Reconnecting America People * Places * Possibility

The Asian TOD

[This is the first in what we hope is a large series of expert blogs on TOD highlighting work and research that experts are doing in the field.  Today's post is by Dr. Ming Zhang who is an Associate Professor in the School of Community and Regional Planning at the University of Texas at Austin.  Dr. Zhang specializes in urban transportation planning, transportation impacts on land use, urban form and travel behavior, GIS applications in urban and transportation planning, and land use/transportation issues in developing countries.]

Is TOD relevant to Asian cities where development density is already high, land use mixture is a common practice, and the share of transit use is ten times higher than in the United States? If so, how can TOD principles apply to Asian cities? Conversely, what can be learned from the Asian experience for American TODs in developing around transit? With these questions in mind, I conducted case study of Hong Kong, Tokyo, Seoul, Taipei, and mainland Chinese cities of Beijing, Shanghai, Guangzhou, and Shenzhen in the past few years.

From the case study I concluded that TOD should be further promoted in Asian cities, for two reasons. First, car ownership and car uses, although still low relative to the US, are on the rise. The newly developed areas in many fast-growing Asian cities are becoming increasingly car-oriented and hostile to pedestrians and cyclists. Second, major cities throughout Asia have seen booming development of rapid transit systems. Yet, not all of them have done well integrating the transit with surrounding functions. Many stations and their nearby land uses situate adjacent to each other without synergetic connections, leaving much of the high-density dysfunctional. TOD provides a useful framework to address the issues.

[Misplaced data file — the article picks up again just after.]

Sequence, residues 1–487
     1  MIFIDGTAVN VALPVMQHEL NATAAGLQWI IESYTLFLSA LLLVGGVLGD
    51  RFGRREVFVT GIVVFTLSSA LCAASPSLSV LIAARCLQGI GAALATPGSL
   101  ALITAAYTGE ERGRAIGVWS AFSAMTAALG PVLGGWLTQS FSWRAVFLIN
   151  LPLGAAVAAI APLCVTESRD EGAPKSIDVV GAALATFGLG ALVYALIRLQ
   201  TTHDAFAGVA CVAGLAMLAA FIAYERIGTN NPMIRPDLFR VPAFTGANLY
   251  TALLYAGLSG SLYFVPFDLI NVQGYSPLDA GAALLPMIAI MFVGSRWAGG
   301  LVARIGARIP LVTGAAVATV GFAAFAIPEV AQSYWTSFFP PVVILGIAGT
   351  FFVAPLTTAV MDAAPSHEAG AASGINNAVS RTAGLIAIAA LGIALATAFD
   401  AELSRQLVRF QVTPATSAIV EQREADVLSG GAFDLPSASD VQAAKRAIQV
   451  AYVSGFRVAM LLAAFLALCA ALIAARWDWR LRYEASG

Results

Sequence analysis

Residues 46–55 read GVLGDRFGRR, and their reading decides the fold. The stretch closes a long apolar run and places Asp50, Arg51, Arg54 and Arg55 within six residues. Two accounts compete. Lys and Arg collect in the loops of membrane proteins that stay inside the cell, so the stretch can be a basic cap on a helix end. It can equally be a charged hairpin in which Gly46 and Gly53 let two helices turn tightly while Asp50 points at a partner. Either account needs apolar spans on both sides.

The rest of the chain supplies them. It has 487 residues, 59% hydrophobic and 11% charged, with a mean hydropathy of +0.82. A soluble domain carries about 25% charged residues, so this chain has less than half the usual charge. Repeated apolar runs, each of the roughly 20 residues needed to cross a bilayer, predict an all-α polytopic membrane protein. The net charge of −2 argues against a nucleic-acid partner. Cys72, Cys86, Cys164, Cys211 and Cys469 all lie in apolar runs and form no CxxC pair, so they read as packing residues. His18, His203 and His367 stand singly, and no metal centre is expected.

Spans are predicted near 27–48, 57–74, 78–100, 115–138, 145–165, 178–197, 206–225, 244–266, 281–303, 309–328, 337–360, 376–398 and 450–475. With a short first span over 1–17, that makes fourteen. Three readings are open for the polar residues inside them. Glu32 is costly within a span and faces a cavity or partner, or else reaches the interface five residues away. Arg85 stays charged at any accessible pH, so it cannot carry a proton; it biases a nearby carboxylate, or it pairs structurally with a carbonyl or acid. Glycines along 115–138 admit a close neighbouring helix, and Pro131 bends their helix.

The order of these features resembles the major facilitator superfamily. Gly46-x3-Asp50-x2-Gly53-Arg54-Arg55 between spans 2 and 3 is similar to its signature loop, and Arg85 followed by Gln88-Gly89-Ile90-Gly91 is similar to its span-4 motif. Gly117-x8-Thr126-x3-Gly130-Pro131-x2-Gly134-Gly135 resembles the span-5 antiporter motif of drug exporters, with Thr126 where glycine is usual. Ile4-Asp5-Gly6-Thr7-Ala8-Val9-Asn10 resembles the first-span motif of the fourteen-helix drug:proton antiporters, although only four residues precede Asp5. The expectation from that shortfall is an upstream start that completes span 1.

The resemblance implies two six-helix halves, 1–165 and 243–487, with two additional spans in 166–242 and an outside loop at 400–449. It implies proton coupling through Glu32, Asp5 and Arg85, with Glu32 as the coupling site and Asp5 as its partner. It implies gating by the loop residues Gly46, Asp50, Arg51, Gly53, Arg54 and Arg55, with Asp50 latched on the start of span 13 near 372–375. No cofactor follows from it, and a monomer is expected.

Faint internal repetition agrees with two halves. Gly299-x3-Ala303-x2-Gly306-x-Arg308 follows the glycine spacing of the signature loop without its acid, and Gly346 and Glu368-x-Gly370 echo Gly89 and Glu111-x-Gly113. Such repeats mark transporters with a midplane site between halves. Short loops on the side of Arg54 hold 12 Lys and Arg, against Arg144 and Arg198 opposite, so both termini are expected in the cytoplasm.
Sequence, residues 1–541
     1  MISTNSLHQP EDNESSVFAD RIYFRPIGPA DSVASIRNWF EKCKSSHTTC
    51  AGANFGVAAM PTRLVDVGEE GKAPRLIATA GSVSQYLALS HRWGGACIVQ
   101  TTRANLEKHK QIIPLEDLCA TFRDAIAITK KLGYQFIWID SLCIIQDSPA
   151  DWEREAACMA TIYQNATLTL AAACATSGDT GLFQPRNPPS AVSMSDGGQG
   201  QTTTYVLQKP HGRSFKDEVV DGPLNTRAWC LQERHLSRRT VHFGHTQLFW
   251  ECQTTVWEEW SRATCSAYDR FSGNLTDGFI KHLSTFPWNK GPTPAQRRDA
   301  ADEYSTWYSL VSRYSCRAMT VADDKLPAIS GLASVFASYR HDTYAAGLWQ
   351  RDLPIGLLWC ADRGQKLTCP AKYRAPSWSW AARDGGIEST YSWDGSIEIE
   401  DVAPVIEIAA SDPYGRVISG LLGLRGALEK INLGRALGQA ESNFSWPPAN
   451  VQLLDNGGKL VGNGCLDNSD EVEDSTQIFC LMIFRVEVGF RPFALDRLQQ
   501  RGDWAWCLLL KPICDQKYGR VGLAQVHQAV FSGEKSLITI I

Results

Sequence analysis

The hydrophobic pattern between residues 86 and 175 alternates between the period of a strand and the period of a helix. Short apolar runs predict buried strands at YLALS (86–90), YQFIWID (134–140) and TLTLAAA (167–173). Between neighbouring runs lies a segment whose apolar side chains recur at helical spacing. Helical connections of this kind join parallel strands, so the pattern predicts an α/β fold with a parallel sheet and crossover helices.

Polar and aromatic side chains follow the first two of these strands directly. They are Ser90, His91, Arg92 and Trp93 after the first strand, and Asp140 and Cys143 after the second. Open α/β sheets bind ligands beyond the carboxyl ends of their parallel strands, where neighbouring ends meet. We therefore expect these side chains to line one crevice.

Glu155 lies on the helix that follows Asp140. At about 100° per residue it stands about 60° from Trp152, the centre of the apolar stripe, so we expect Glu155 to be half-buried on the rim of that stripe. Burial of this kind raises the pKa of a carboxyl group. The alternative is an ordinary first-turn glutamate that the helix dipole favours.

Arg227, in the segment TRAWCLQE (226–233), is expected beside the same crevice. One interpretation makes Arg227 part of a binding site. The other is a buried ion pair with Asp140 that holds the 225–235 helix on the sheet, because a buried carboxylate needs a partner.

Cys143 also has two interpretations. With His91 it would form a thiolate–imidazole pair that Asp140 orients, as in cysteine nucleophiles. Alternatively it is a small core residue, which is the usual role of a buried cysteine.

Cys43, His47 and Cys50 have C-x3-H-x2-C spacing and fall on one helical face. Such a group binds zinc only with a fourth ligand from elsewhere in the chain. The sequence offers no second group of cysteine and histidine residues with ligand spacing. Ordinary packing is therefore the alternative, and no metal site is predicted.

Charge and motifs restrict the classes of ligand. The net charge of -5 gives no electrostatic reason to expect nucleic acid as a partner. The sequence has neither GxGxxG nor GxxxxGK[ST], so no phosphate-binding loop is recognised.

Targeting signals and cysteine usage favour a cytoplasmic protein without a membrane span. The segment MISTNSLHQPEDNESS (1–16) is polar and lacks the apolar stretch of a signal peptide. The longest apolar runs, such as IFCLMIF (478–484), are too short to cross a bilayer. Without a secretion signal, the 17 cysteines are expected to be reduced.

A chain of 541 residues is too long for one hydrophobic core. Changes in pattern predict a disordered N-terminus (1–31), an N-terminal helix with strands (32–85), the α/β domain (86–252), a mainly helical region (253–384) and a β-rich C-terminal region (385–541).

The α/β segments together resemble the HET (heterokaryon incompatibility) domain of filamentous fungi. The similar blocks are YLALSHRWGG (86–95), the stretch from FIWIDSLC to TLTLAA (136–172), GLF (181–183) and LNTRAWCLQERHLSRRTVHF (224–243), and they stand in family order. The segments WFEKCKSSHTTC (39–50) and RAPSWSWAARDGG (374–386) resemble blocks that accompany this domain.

From the best practice of developing around transit in the case study cities, I developed a framework of five attributes for TOD in Asian cities.

1. Differentiated Density

What is emphasized here is not necessarily the absolute level of density. Instead, the focus is on the differential in density between the locations inside and outside the TOD.  Differentiated Density depicts a density profile upward-sloping towards the station. As the distance from the station decreases, density increases. In urban area density may be already high. Development within the urban TOD should be even higher. In suburban communities where density may be relative low, density in the suburban TOD should be higher than its surrounding areas. Emphasizing density differential rather than density itself makes the density principle of TOD context-free. TOD is applicable to both low and high density context. Taipei provides density bonus through TOD Zoning.

2. Dockized District

The second attribute of Asian TOD concerns the spatial extent of TOD. The TOD district generally refers to a circle centered at the transit station with a radius of one quarter-mile (approximately 400 meters). An underlying behavioral principle is that TOD district should be defined by people’s willingness to walk. The willingness to walk however is strongly affected by factors affecting walking, for example, perceived safety, security, architectural interest, pedestrian-scale lighting and amenities, and presence of other pedestrians. Altering these walking LOS (level of service) factors would modify people’s willingness to walk, hence the spatial delineation of TOD district.